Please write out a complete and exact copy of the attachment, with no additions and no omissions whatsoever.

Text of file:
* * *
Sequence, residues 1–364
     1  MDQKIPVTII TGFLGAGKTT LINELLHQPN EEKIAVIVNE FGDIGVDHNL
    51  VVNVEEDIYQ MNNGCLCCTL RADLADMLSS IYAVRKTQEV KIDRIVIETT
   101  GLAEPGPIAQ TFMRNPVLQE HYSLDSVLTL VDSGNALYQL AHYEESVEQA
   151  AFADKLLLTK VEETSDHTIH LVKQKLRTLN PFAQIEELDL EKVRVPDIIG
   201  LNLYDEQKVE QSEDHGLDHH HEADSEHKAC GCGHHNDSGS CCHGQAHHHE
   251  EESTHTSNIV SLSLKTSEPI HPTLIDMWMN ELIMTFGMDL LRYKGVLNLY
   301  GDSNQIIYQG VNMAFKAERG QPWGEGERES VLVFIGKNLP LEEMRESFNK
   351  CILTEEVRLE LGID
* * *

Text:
Sequence, residues 1–364
     1  MDQKIPVTII TGFLGAGKTT LINELLHQPN EEKIAVIVNE FGDIGVDHNL
    51  VVNVEEDIYQ MNNGCLCCTL RADLADMLSS IYAVRKTQEV KIDRIVIETT
   101  GLAEPGPIAQ TFMRNPVLQE HYSLDSVLTL VDSGNALYQL AHYEESVEQA
   151  AFADKLLLTK VEETSDHTIH LVKQKLRTLN PFAQIEELDL EKVRVPDIIG
   201  LNLYDEQKVE QSEDHGLDHH HEADSEHKAC GCGHHNDSGS CCHGQAHHHE
   251  EESTHTSNIV SLSLKTSEPI HPTLIDMWMN ELIMTFGMDL LRYKGVLNLY
   301  GDSNQIIYQG VNMAFKAERG QPWGEGERES VLVFIGKNLP LEEMRESFNK
   351  CILTEEVRLE LGID